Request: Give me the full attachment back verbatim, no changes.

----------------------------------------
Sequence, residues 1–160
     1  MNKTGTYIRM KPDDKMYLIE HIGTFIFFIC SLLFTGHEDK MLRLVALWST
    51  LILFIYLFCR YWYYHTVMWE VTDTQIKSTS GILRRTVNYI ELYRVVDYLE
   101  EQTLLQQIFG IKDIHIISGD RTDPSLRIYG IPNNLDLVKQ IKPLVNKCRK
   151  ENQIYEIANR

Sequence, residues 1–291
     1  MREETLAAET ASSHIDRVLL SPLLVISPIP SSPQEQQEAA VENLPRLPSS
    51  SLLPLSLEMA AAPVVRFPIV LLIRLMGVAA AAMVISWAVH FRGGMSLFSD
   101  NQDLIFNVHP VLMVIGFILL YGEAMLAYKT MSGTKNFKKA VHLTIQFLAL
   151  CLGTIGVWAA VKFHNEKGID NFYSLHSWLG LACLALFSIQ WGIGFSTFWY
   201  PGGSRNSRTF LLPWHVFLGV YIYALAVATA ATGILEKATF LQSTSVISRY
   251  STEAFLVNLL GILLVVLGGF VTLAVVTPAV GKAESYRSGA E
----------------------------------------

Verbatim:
Sequence, residues 1–160
     1  MNKTGTYIRM KPDDKMYLIE HIGTFIFFIC SLLFTGHEDK MLRLVALWST
    51  LILFIYLFCR YWYYHTVMWE VTDTQIKSTS GILRRTVNYI ELYRVVDYLE
   101  EQTLLQQIFG IKDIHIISGD RTDPSLRIYG IPNNLDLVKQ IKPLVNKCRK
   151  ENQIYEIANR

Sequence, residues 1–291
     1  MREETLAAET ASSHIDRVLL SPLLVISPIP SSPQEQQEAA VENLPRLPSS
    51  SLLPLSLEMA AAPVVRFPIV LLIRLMGVAA AAMVISWAVH FRGGMSLFSD
   101  NQDLIFNVHP VLMVIGFILL YGEAMLAYKT MSGTKNFKKA VHLTIQFLAL
   151  CLGTIGVWAA VKFHNEKGID NFYSLHSWLG LACLALFSIQ WGIGFSTFWY
   201  PGGSRNSRTF LLPWHVFLGV YIYALAVATA ATGILEKATF LQSTSVISRY
   251  STEAFLVNLL GILLVVLGGF VTLAVVTPAV GKAESYRSGA E